The Free Will Defence has been attacked as being unsound, implausible and, more recently, irrelevant. The first section of the paper returns to a discussion on the relevance of the Free Will Defence, arguing that the case for its irrelevance is inextricably impaled on the horns of a dilemma. In the second section it is shown that Free Will Theodicy, even in a form extended to include natural evil, need not be as implausible as it is sometimes portrayed for it (...) demands no more than that good, on the whole, outweighs evil, on the whole. Finally, some tempting objections to the strategy employed in this argument are considered and rejected, both on the grounds that they are untenable in themselves and on the paradoxical ground that, if valid, the objections would appear to rule out any creation. (shrink)
Michael J. Sandel: The Case Against Perfection: Ethics in the Age of Genetic Engineering Content Type Journal Article Category Book Review Pages 183-185 DOI 10.1007/s12376-009-0018-4 Authors Ilhan Ilkilic, Johannes Gutenberg University Mainz Medical Center Institute for History, Philosophy and Ethics of Medicine Am Pulverturm 13 55131 Mainz Germany Rainer Brömer, Johannes Gutenberg University Mainz Medical Center Institute for History, Philosophy and Ethics of Medicine Am Pulverturm 13 55131 Mainz Germany Journal Medicine Studies Online ISSN 1876-4541 Print ISSN 1876-4533 Journal (...) Volume Volume 1 Journal Issue Volume 1, Number 2. (shrink)
Hoppmann, Michael J.: Argumentative Verteidigung. Grundlegung zu einer modernen Statuslehre. [Argumentative Advocacy. Foundations of a Modern Stasis Theory.] Content Type Journal Article Pages 525-526 DOI 10.1007/s10503-010-9192-5 Authors Matthias Plötz, University of Amsterdam, Amsterdam, The Netherlands Journal Argumentation Online ISSN 1572-8374 Print ISSN 0920-427X Journal Volume Volume 24 Journal Issue Volume 24, Number 4.
A perfect being is a being which possesses all perfections essentially. A perfect being is essentially omniscient, essentially omnipotent, essentially perfectly good, and necessarily existing. In his excellent book “The Metaphysics of Perfect Beings” Michael J. Almeida investigates the following tough questions about perfect beings: What would a perfect being create? Which moral requirements would a perfect being (have to) fulfill when deciding what to create? Is there a minimum or a maximum amount of evil a perfect being would (...) allow to occur? Could a perfect being permit any instance of pointless and undeserved suffering of creatures? Does a perfect being have some freedom to choose what to create? Could a perfect being be just in sending some people eternally to heaven and some people eternally to hell? Almeida applies modern theories about vagueness, infinite values, possible world semantics and many universes to these questions. In this way Almeida investigates these questions in more detail and depth than they have been before and substantially advances the discussion of these issues. (shrink)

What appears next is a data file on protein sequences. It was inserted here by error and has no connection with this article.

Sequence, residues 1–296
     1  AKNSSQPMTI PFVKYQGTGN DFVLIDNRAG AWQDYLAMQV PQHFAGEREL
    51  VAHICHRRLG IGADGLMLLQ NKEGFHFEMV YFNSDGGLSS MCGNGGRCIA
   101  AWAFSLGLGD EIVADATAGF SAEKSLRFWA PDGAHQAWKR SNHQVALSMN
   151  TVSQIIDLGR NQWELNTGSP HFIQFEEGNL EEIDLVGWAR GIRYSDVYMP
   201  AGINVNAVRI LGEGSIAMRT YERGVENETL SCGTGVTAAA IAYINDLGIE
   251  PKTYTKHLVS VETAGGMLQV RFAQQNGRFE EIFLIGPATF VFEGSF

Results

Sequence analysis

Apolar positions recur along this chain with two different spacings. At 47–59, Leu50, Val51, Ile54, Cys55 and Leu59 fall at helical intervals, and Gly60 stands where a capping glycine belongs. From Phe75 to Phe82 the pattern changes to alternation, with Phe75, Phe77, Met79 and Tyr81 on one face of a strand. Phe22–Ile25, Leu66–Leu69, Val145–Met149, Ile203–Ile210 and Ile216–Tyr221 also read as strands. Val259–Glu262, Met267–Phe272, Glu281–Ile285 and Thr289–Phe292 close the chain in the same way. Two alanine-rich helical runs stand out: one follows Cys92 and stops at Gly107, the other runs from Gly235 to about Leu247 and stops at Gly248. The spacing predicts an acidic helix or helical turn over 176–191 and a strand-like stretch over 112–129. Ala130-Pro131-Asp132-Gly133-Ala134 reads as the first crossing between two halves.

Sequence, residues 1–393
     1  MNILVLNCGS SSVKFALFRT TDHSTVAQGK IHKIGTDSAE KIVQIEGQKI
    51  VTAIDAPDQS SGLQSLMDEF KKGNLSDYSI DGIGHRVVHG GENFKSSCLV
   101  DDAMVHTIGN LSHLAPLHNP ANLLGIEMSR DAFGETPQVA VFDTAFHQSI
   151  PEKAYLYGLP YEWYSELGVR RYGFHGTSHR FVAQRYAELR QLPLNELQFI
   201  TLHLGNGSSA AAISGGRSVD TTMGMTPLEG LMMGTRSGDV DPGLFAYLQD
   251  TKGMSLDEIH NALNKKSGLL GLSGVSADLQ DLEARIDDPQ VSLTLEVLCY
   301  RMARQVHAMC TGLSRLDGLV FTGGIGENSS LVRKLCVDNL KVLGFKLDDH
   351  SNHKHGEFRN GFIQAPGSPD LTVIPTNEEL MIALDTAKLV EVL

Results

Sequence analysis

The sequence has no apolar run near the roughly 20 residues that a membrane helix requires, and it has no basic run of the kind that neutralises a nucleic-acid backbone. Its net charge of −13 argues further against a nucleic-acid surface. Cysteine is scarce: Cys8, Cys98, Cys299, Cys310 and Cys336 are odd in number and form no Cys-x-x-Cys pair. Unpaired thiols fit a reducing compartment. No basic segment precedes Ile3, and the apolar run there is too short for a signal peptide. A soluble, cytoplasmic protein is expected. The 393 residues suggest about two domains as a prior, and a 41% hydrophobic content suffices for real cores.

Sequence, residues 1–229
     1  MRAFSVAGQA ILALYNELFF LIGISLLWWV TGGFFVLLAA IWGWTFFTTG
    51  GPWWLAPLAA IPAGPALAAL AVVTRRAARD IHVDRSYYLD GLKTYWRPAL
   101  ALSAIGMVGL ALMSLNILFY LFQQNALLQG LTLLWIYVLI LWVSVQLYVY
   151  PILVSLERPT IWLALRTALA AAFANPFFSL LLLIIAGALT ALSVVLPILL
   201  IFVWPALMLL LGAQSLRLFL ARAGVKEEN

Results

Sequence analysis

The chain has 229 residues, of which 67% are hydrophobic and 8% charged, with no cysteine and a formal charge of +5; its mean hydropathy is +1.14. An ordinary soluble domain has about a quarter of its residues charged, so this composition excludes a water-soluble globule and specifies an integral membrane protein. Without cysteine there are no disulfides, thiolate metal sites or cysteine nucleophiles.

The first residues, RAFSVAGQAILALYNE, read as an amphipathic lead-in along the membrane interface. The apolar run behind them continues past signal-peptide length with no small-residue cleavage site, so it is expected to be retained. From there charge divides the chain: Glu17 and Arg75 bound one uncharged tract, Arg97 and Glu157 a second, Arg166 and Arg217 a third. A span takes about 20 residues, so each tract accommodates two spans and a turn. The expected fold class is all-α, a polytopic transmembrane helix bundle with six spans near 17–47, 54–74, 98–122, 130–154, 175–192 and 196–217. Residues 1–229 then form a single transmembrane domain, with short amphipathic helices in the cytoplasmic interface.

In 2006, Michael Zimmerman published an underappreciated paper on the nature of moral obligation in which he argued that our moral obligations depend, not on the facts or our beliefs, but on the evidence available to us. Two years later, he published a lengthy book in which he argued more thoroughly for the same conclusion. In this book, Zimmerman returns to the central question of those works to respond to objections that have been brought against the views he presented (...) therein. This new book is the most thorough defense of what has come to be known as the Prospective View of moral obligation and as such is a must-read for those working in normative ethics narrowly construed. (shrink)
Philosophy, that most misunderstood of intellectual pursuits, is often mocked; and no part of philosophy is as often mocked as metaphysics. The image of the ‘speculative metaphysician’ dreaming up abstract pictures of the world has been held up for ridicule by poets, playwrights, novelists, journalists as well as by other philosophers. The Logical Positivists in the first half of the 20th Century rejected all metaphysical speculations as ‘meaningless’ since they could not be verified by scientific experiment; in the later part (...) of the century, Wittgenstein criticised systematic metaphysics as being a kind of intellectual disease resulting from our reading false pictures of the world into the grammar of our language. The common suspicion underlying many of these attacks is that ultimately, all metaphysics is a kind of nonsense, and that metaphysicians don’t really know what they are talking about. This suspicion is not new. Nicolas-Sébastien Chamfort commented in 1796, ‘I am tempted to say of metaphysicians what Scaliger used to say of the Basques: they are said to understand one another, but I don’t believe a word of it.’ Some contemporary philosophers may agree. (shrink)